Saying all that, it is still a fascinating listen, although not as successful as Rice, but that's not the point of recording something that is experimental & challenging, especially within the folk music genre, which to be honest isn't really renowned for its innervations.
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Most Helpful Customer Reviews on Amazon.com (beta)

Amazon.com: 11 reviews
5 of 5 people found the following review helpful
A beautiful reminder of the richness of traditional music. 17 Oct 1999
By Jerome Langguth - Published on Amazon.com
Format: Audio CD
Carthy's album is a beautiful reminder of just how rich and mysterious traditional folk music can be. Carthy's understanding of this music is evident on every track. Even in her more "experimental" mode, she stays true to the material. There is a reason people still want to play and listen to music like this, and Carthy never allows her own desire for musical innovation to obscure the timeless virtues of the tunes themselves.
4 of 4 people found the following review helpful
Totally Superb. This Is A Must Buy 17 Jan 1999
By A Customer - Published on Amazon.com
Format: Audio CD
Eliza Carthy IS the future of traditional English music, and the future of it's advance into the next century. Rice takes you through the traditions that she has learnt in her native Yorkshire, while Red advances into new ground, taking in many interesting fusions. This girl has so much talent its just not fair! I PLEAD WITH YOU TO BUY THIS, IT WILL ENRICH YOUR LIFE AND BEING.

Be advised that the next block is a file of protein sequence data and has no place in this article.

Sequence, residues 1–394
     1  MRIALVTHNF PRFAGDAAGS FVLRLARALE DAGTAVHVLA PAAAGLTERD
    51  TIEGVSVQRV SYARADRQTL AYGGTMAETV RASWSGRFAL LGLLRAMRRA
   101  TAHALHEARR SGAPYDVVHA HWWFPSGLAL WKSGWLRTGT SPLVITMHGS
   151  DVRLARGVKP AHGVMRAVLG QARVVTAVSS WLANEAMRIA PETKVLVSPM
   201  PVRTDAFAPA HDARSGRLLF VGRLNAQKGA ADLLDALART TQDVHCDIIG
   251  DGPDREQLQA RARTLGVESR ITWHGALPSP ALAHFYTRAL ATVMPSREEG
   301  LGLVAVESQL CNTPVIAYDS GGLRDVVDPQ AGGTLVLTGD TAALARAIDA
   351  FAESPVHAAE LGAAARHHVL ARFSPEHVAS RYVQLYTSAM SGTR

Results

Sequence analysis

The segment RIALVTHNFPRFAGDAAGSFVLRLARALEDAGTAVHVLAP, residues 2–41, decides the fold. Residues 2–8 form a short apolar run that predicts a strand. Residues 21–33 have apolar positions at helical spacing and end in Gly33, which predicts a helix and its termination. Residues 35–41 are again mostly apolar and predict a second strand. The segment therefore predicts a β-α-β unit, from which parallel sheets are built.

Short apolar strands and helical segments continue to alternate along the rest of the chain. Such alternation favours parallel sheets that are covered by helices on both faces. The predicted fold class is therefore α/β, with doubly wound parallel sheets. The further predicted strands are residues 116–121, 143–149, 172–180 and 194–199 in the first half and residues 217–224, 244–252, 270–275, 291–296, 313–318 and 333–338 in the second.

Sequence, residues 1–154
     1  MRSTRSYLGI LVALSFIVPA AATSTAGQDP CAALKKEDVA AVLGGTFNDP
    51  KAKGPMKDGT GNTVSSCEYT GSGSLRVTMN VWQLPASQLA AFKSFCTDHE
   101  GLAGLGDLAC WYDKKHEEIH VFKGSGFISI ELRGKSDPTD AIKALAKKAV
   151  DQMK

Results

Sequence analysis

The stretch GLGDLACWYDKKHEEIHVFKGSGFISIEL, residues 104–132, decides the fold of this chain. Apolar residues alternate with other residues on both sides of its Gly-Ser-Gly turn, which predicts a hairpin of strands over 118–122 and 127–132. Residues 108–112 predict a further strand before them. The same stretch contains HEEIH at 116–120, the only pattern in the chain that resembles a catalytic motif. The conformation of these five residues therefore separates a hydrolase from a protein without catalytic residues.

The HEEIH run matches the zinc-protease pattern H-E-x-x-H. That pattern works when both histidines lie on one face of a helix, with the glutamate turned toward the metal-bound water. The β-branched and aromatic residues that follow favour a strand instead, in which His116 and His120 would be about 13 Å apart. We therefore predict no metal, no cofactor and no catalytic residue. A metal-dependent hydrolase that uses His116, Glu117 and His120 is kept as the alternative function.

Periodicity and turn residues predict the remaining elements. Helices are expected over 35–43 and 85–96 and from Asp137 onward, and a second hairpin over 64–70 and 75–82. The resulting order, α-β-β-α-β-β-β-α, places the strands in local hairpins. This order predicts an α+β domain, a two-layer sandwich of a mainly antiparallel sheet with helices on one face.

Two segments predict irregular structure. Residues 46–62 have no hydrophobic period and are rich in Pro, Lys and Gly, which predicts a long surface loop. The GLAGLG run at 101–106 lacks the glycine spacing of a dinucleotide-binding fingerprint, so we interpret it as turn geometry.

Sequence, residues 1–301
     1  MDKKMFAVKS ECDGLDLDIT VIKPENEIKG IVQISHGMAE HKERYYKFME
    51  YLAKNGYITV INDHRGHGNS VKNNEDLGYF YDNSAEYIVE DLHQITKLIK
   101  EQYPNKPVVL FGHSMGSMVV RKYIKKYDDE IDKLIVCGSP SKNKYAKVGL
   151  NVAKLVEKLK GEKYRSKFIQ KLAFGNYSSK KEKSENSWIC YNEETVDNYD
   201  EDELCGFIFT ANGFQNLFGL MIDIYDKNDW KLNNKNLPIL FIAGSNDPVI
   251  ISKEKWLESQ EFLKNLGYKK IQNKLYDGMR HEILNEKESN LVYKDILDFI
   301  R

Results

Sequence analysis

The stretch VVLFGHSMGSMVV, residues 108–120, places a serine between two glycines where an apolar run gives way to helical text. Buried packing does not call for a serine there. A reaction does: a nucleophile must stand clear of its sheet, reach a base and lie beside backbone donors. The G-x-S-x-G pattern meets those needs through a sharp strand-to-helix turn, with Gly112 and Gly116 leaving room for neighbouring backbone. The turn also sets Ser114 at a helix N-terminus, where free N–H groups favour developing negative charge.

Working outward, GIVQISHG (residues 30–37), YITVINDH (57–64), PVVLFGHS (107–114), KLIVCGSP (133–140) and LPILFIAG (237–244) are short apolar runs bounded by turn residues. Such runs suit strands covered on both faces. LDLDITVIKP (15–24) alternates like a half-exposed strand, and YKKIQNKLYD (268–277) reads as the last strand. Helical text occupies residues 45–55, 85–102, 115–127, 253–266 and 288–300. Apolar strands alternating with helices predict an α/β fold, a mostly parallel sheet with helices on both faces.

3 of 3 people found the following review helpful
DON'T LEND OUT THIS CD!!!! 25 Sep 2002
By T. Semonik - Published on Amazon.com
Format: Audio CD
I was introduced to Eliza through a magazine review of "Angels and Cigarettes", and have been gobbling up since the first chords of that album. This one, an earlier CD, would have been more appropriate to start with: If you like more modern-poppy disc "Red", then buy her newer stuff. If you like folky-traditional "Rice", then step backwards. Neither is the wrong way to go. Just don't try to get this CD back after lending it- that won't happen. The tunes are infectious and fun on both discs, and people tend to whine if they have to give them back. (Only really problematic due to them being imported)
2 of 2 people found the following review helpful
An excellent look at both sides 21 April 2004
By spiral_mind - Published on Amazon.com
Format: Audio CD
Don't be fooled by the punkette look - behind the bright red (later blue/white) hair and piercings, Eliza Carthy has a deep love for the English musical tradition, a refreshing skill a blending it with the modern, and a remarkable touch on the violin. Add a rich singing voice with a subtly alluring accent and you've got a rare treat. With her previous albums and her latest (Anglicana) Eliza shows a beautiful talent to add to the English folk tradition; with the in-between Angels & Cigarettes she stepped into the realm of modern pop with some folky touches. 2000's Red Rice made an interesting compromise.